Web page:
|Daman and Diu|
|Former union territory|
St. Paul's Church, Diu fort, Gate of Diu
Map of Daman and Diu
|112 km2 (43 sq mi)|
o 1987 (first)
o 2019 (last)
|Praful Khoda Patel|
|30 May 1987|
o Formation of Dadra and Nagar Haveli and Daman and Diu
|26 January 2020|
|Political subdivisions||2 districts|
Daman and Diu (locally (help·info)) was a union territory in western India. With an area of 112 km2 (43 sq mi), it was the smallest federal division of India on the mainland. The territory comprised two distinct regions--Daman and Diu--that are geographically separated by the Gulf of Khambhat. The state of Gujarat and the Arabian Sea border the territory. A Portuguese colony since the 1500s, the territories were annexed by India in 1961. Daman and Diu were administered as part of the union territory of Goa, Daman and Diu between 1961 and 1987, when they became a separate union territory. In 2019, legislation was passed to merge the union territory of Daman and Diu with its neighbouring union territory, Dadra and Nagar Haveli, to form the new union territory of Dadra and Nagar Haveli and Daman and Diu with effect from 26 January 2020. It has also been ruled by Kolis.
For over 450 years, the coastal enclaves of Daman (Portuguese: Damão) and Diu on the Arabian Sea coast were part of Portuguese India, along with Goa and Dadra and Nagar Haveli. Goa, Daman and Diu were incorporated into the Republic of India on 19 December 1961, by military conquest. Portugal did not recognise the Indian annexation of these territories until the Carnation Revolution of 1974.
The territory of Goa, Daman and Diu was administered as a single union territory until 1987, when Goa was granted statehood, leaving Daman and Diu as a separate union territory. Each enclave constituted one of the union territory's two districts. Daman and Diu are approximately 650 kilometres away from each other by road.
In December 2019, the Parliament of India passed legislation to merge Daman and Diu with the nearby union territory of Dadra and Nagar Haveli to create a new union territory to be known as Dadra and Nagar Haveli and Daman and Diu.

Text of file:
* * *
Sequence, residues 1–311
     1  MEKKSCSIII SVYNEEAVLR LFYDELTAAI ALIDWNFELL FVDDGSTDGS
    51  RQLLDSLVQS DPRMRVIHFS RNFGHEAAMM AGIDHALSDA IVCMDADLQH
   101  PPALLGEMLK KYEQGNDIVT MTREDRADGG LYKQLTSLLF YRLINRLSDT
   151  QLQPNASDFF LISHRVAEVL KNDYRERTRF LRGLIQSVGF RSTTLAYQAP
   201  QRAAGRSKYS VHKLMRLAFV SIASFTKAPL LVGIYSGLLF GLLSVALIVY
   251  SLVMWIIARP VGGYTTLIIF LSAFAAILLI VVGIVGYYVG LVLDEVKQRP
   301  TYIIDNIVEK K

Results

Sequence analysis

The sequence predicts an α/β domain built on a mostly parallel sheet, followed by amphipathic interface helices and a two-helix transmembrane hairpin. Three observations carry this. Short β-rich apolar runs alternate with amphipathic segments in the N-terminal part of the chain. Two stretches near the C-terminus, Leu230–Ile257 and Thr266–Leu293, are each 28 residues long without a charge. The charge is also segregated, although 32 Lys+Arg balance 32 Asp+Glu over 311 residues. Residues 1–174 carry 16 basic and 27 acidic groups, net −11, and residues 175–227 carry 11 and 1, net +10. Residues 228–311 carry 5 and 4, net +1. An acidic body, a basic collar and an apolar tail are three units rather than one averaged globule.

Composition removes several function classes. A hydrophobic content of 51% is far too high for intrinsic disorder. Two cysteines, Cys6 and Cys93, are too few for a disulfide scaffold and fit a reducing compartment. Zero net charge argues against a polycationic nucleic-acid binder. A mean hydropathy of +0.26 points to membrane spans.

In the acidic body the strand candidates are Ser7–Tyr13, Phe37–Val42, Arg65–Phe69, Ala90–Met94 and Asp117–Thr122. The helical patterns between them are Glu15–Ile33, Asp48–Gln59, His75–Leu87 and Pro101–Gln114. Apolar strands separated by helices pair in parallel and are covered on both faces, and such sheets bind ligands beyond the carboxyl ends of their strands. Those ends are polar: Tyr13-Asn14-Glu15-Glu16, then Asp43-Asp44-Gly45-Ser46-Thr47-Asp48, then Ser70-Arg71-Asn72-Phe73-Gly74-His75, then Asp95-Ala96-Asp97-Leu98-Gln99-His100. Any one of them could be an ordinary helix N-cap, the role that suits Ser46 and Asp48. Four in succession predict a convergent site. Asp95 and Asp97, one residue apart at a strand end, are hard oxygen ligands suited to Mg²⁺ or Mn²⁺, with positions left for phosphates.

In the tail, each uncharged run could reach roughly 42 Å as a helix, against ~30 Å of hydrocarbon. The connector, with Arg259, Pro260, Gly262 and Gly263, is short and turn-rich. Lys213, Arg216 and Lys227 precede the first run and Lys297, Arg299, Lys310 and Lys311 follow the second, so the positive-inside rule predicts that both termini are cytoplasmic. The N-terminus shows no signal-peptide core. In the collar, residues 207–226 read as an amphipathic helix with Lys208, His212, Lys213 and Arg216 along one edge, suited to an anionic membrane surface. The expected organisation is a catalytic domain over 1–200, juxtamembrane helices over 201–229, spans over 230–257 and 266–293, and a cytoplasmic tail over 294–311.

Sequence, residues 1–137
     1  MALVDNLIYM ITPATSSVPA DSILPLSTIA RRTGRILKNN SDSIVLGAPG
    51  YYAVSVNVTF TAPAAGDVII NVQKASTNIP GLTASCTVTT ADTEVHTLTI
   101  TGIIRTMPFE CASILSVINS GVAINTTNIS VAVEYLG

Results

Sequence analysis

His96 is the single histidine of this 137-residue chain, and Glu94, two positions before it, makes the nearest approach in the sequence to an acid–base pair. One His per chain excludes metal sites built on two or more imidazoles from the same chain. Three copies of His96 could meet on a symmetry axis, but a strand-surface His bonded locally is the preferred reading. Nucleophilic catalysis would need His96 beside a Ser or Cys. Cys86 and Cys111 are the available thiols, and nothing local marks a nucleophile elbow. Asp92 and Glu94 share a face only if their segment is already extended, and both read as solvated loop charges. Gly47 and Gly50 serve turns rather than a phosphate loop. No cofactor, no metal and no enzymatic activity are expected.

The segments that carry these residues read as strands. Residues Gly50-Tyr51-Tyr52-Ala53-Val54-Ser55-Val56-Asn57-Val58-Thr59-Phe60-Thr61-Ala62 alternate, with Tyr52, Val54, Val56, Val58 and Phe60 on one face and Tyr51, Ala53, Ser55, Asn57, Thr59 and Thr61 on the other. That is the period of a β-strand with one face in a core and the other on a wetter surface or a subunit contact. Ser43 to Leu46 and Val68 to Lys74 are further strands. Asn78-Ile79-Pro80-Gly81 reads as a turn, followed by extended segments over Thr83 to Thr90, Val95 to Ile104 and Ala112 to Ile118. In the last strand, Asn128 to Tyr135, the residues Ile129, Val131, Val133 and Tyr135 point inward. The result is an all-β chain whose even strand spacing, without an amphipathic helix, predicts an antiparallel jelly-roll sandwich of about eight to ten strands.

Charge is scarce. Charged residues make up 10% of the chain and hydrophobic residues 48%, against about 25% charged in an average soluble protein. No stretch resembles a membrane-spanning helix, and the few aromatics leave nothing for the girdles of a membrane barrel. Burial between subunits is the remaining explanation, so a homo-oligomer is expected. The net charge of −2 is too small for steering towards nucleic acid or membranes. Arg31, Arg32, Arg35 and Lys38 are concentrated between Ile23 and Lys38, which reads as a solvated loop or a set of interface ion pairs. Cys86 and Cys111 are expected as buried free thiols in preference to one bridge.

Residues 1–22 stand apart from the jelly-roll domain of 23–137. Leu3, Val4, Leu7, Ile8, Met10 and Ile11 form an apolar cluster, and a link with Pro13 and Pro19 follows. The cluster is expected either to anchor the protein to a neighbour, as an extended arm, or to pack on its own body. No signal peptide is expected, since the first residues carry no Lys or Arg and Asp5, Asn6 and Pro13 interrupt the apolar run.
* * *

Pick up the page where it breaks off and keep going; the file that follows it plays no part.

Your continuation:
According to the 2011 census, Daman and Diu had a literacy rate of 87.1%, higher than the national average of 74.04%. Male and female literacy rates are 91.5 and 79.5 percent respectively.
According to the 2011 census, the lowest female-to-male ratio in India (618 females per thousand males) was recorded in Daman and Diu. The Daman district, with a female-to-male ratio of 0.533,[clarification needed] is among the lowest of all the districts.
Hinduism was by far the most common religion in Daman and Diu. Muslims were the second-largest religious group in the territory, followed by Christians.
Gujarati was the mother tongue of most of the territory's population, as they belong to the Gujarati-speaking Damaniya sub-caste. Along with Gujarati, Hindi and English are also widely used. Daman and Diu were once part of a combined union territory along with Goa (a Konkani-speaking region), before Goa became a state in 1987.
The use of Portuguese, which was the territory's official language during the colonial period, is in decline and relegated to home use. It is also used as a liturgical language by the territory's Catholics. Standard Portuguese exists in a post-creole continuum while Daman and Diu Portuguese is spoken by about 10,000-12,000 people in Daman.
|Source:Census of India|
According to the Constitution of India, the administration of Daman and Diu was carried out by an Administrator, appointed by the President of India as an agent of the President, not a head of state/government or a governor. He was assisted by a number of other officers in carrying out his duty. Currently, this post is held by Praful Khoda Patel.
The union territory of Daman and Diu had two districts: